Hardwood Floors in Kitchen – Choosing the right floor for your kitchen – Part 1

G-Shaped Kitchen

Hardwood floors in kitchen are considered by many people to be the ultimate floor choice for their kitchens and their homes.

Hardwood floors are a classic choice that will add warmth and a rich sense of natural beauty to your kitchen. Although wood floors are not the most comfortable floors for cooks to stand on for long periods of time, strategically placed area rugs and mats can go a long way towards cushioning the feet. Where hardwood floors really stand out is in their ability to repel stains and spills (which are inevitable in a working kitchen) and the fact that a good hardwood floor never goes out of style.

Hardwood floors are often installed throughout a house to create a continuous flow and a integrated look that is hard to beat. Though hardwood lasts for years, you can always make it look like new by sanding, refinishing and staining it in a new color that updates it.

hardwood floors in kitchen


Hardwood Floor Essentials:

What Is It? Hardwood flooring refers to floor boards manufactured from timber. Many different kinds of trees are used to create hardwood floors from tropical varieties to more familiar species like Oak, Beach, Maple and Walnut. Each tree species will take stain in a different way and present its own look.

Durability: With the proper treatment, hardwood floors will last a lifetime. Threats to hardwood floors include standing water, high heel shoes, unprotected chair legs, pets and direct sunlight, which can bleach floors. Nevertheless, some of these can add character to a floor and you can always sand and re-stain (or even paint) if the cumulative wear and tear becomes too great.

Cleaning and Maintenance: Although wood floors are typically resistant to short-term moisture, it is important to wipe up spills as soon as they occur. Wood floors are easy to keep clean by regular sweeping, dusting, or vacuuming and it is good to occasionally wipe the surface with a damp rag or mop. Try to avoid abrasive cleansers, and oil-based sprays, waxes, and polishes.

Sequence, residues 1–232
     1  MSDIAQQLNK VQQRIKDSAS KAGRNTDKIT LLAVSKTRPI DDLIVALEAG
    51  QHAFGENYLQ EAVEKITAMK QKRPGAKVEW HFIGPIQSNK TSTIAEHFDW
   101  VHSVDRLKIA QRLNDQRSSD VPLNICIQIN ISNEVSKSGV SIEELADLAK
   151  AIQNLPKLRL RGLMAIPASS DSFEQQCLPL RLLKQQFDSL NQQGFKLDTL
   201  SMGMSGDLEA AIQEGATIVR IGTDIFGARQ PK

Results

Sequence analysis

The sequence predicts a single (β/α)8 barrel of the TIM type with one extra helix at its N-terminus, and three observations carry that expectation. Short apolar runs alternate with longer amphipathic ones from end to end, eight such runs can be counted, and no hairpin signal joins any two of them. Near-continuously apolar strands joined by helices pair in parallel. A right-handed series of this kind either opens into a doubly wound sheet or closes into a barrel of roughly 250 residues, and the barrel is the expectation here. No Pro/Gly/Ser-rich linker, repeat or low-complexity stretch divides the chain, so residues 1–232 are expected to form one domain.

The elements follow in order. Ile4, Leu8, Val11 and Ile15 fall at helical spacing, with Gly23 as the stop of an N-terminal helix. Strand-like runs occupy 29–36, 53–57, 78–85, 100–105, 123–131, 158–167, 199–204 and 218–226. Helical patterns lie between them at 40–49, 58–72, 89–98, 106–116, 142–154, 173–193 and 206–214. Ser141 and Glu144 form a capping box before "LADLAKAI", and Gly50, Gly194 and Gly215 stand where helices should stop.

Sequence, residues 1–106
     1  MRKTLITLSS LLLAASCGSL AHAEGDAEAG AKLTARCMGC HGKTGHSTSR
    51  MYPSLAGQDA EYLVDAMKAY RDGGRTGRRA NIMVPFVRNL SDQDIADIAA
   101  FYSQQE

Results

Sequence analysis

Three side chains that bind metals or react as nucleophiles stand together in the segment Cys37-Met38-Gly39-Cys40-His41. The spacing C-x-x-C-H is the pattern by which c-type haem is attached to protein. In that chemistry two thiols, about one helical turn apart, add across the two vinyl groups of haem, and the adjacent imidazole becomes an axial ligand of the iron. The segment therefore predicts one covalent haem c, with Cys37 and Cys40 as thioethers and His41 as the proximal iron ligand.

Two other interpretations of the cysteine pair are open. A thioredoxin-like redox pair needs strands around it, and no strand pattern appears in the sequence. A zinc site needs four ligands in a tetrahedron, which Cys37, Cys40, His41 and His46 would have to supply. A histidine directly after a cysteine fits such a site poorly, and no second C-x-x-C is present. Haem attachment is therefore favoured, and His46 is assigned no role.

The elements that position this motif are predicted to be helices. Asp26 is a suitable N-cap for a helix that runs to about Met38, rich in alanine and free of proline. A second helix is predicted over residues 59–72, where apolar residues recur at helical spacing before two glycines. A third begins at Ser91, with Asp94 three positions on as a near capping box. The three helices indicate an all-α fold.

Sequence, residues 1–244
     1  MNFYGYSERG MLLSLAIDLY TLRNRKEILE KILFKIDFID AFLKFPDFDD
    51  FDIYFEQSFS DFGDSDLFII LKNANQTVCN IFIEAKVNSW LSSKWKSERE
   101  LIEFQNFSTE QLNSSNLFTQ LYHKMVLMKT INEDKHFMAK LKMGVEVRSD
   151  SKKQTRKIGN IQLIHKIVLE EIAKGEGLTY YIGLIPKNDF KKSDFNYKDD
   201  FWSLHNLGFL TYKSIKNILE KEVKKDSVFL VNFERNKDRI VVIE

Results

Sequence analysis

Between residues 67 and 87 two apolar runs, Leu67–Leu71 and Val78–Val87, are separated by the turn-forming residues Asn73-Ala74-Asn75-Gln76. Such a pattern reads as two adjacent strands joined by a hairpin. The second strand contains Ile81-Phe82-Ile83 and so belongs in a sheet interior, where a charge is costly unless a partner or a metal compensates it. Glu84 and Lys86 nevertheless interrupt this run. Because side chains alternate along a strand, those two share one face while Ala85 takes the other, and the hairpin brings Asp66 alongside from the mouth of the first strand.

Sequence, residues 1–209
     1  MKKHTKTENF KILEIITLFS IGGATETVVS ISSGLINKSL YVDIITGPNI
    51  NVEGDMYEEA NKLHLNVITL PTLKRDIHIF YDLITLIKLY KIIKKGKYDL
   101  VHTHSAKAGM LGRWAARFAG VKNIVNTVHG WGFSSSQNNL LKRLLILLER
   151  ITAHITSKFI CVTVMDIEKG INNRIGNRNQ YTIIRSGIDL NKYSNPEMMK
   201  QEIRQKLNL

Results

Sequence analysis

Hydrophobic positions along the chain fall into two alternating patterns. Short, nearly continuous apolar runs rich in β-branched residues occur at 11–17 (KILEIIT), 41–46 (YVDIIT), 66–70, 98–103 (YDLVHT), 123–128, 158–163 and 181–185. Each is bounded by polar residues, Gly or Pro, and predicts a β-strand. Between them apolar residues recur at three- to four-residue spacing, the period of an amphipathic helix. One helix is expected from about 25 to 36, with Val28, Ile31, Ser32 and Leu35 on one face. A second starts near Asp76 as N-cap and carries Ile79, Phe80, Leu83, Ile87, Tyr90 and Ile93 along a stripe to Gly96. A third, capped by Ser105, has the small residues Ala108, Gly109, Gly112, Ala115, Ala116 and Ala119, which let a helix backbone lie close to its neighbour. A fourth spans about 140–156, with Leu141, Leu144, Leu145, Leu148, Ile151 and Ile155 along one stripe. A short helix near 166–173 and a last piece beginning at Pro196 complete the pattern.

Underlayment: Underlayment provides a base for a wood floor while it increases insulation and reduces noise. Soft materials such as foam and cork are very good for this purpose. In damp climates, plastic underlayment is ideal.

Types of Hardwood Floors:

Solid hardwood is cut from a single piece of wood and offers a continuous grain. Since this a solid piece of wood, this type of floor can be sanded and refinished over and over again. Since it is susceptible to humidity, it can’t be installed in damp spaces, which could be an issue if you are prone to water spills or pet drinking bowls, etc.

Solid hardwood comes prefinished (for easier installation) or unfinished (for on-site finishing, which can offer more stain options). It is usually nailed or stapled to a wooden subfloor, though very thin types are sometimes glued.

Engineered Hardwood is an alternative to solid hardwood and is manufactured by bonding several layers of hardwood together. Engineered hardwood is generally more stable than solid hardwood and can more stress from humidity. Also, engineered hardwood can be installed over concrete subfloors.

What to Consider When Choosing Hardwood Kitchen Floors

There are so many types of hardwood flooring that you are certain to find something that suits you and your style. The following are some additional considerations:

Tree Species: The actual species of tree used to create a hardwood floor is what determines its color, hardness, grain and strength. For domestic species, oak is generally the most common; other options include maple, cherry, maple, walnut, hickory, and birch. Many homeowners love the look of tropical hardwoods, such as Teak, Tigerwood, and Brazilian cherry.

Plank Width. Wide planks (more than three inches) give a kitchen a rustic and country look.  Smaller strips that are 3 inches wide or less give a kitchen a more contemporary look. Wood parquet floors are yet another option for more formal kitchens.

Color. Hardwood colors range from blond to caramel, burgundy to brown, and even black. Please note that very dark and very light floors will sometime have a tendency to show spills more visibly.

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